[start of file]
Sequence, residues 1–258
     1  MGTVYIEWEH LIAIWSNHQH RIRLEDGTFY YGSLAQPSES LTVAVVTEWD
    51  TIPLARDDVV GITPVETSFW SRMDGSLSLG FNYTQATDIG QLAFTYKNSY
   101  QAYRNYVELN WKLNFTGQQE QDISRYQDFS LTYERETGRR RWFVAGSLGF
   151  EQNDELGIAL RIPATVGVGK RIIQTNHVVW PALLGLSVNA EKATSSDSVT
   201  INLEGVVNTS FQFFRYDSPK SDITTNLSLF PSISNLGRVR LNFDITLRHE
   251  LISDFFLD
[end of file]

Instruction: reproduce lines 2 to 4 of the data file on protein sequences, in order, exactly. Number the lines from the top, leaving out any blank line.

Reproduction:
     1  MGTVYIEWEH LIAIWSNHQH RIRLEDGTFY YGSLAQPSES LTVAVVTEWD
    51  TIPLARDDVV GITPVETSFW SRMDGSLSLG FNYTQATDIG QLAFTYKNSY
   101  QAYRNYVELN WKLNFTGQQE QDISRYQDFS LTYERETGRR RWFVAGSLGF